Standardized Testing: The Great Deception

04/22/2013 11:55 am ET | Updated Jun 22, 2013

The word "testing" gives many people an uneasy feeling. It evokes nervousness and stress. It forces our minds to think in ways that seek to determine what someone else wants us to know and in what manner we must give it. The thought of testing or thoughts during testing make any creative ideas vanish...there is no room for them. The mind must function in a predetermined manner for success. Information memorized must be rehearsed...allowing no other ideas. The mind is fatigued by the many facts or numbers crammed into it.

Many tests are timed, so those people who are stressed by this component, tremble at the signal of time starting and ending. At the end of the test, the mind may actually try to "forget" the mass of information because the process of testing has fatigued it mentally and physically. Facts not relevant for the current moments of life may be shoved into a miscellaneous file in the brain and may never be retrievable again.

Tests point out what learners get wrong and then penalize them for those wrong answers. Tests rarely allow for later clarification of misunderstandings or for the re-teaching of concepts. Teaching continues on its predetermined path, leaving some students farther and farther behind.

Now move from normal testing to an even greater level of stress for the mind...standardized testing. Standardized tests demand that everyone in a certain grade level learn the same skills, within the same time, in the same way...because they will be required to give the very same answers in order to do well. Everyone must fit into the same box, the same cookie cutter, be the same bolt or screw on the assembly line of education. Bits of isolated, disconnected information must be drilled and drilled, day after day, in hopes of covering possible skills and standards that will be tested. Everyone must become a master of bubbling in answers to multiple choice questions. There is little consideration for growth and development variations...little consideration for cultural differences. Teachers must teach for this test. Instructional time is consumed by preparing for the test.

During the week of standardized testing, everyone will be encouraged to get plenty of sleep at home. Administrators may come in and have pep rallies to keep students alert. Teachers may offer ice-cream sundaes in the afternoons. All types of bribery will be used to coerce students to do well. Students will be told to just think of the test...put everything else out of their minds.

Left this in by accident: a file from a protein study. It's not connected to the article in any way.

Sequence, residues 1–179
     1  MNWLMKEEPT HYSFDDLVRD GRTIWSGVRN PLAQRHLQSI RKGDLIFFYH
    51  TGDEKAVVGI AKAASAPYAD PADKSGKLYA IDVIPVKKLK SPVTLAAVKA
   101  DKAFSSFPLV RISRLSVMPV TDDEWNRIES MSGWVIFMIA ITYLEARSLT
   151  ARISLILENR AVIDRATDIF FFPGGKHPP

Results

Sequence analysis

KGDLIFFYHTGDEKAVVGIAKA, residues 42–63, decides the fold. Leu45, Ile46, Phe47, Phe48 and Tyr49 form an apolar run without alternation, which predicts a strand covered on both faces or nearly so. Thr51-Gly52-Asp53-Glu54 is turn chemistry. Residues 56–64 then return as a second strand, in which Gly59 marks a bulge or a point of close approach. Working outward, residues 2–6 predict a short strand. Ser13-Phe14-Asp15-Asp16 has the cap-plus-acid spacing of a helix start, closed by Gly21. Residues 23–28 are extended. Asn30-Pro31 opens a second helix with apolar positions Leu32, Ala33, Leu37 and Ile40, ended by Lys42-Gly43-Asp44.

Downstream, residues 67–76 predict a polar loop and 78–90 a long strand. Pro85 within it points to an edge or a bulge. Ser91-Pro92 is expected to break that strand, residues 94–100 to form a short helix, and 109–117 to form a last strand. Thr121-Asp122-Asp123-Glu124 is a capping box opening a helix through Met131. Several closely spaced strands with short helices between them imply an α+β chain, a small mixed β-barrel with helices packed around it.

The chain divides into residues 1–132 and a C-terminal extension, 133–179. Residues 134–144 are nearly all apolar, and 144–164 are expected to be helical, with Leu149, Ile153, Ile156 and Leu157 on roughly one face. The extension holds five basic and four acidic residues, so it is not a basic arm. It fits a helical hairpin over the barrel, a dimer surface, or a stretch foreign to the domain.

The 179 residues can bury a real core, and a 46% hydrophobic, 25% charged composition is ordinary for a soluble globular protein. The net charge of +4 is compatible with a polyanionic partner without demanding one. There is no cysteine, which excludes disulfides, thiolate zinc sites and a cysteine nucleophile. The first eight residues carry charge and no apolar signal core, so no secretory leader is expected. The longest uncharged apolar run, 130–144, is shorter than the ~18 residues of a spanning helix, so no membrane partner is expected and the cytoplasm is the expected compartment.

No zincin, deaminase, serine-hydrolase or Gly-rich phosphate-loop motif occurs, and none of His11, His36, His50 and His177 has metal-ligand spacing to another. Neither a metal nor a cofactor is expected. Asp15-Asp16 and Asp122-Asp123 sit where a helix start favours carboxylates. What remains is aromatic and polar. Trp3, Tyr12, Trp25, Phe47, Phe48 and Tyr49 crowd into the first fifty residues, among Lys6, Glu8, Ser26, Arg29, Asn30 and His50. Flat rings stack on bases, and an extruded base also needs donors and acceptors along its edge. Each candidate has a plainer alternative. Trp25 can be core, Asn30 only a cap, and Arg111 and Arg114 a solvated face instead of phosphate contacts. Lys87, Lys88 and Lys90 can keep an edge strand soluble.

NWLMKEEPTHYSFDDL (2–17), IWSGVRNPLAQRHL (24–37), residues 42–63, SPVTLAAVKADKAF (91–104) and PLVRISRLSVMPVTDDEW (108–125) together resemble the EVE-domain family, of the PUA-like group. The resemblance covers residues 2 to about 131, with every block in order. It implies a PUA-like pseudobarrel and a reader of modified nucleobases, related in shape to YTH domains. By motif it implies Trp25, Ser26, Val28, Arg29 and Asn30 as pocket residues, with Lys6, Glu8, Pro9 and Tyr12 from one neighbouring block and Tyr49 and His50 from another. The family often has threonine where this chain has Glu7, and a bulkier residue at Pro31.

The young girl who comes to school distressed because her dog was killed that morning by a car will be told to "get focused" on the test. The boy whose father left their home after a divorce will try to push his hurt feelings aside, but finds he cannot concentrate hour after hour and soon just guesses. A boy who is very bright in the field of mathematics is confused by the way the questions are stated. He wants to ask for clarification, but can't. He gets highly frustrated and becomes unable to continue for a while...yet the time is ticking away. A student gets very confused trying to comprehend one story after the about a railroad, one about a chemical reaction, one about a bread factory, one about a gender differences. They go on and random topic after the other.

At kindergarten level, the young student feels ready to answer questions about animals. He loves animals and thinks he will know the answers. His class has studied forest animals, farm animals, and pets. The class has a goldfish and hamster. He knows a lot about those animals. As the teacher reads the standardized test questions, his heart sinks. Surprisingly, all three questions are about sea otters...How do sea otters sleep? What do sea otters eat? How do sea otters take care of their young? He starts to cry.

A third grader in a community of intense violence and crime reads this standardized test question:

A boy wakes up and hears popping sounds downstairs. The popping sounds probably are:
(a)traffic outside (b)bacon frying (c) an alarm clock.

The correct answer is "bacon frying," but because this child has never awakened to bacon frying, he assumes the popping sounds are gunfire. He looks for an answer with the word "gun," but does not see it. He marks "traffic outside" and of course that is incorrect.

A student tries to concentrate on the math part of the test. Her mind becomes weary and confused by trying to think about so many topics at one time. Questions are about: adding fractions, multiplying fractions, dividing fractions, graphs, volume, perimeter, angles, mode, median, mean, probability, equivalents, decimals, rates, ratios...She can't keep it all straight in her mind.

The educational and political establishments would have you to believe that scores will tell us who is smart and who is not...which teachers are proficient and which are not...the schools that are excellent and the ones that are not...that quantitative data...numbers and more numbers will inform us of success.

Standardized testing should not have the overwhelming influence on education that it does. A good teacher knows when her/his students are doing well. Good teachers can create a curriculum and assessments that meet the needs of their students. Good teachers know effective strategies that give time for growth and development, allow for emotional distresses, and provide a secure environment for teaching and environment that opens the mind...not closes it.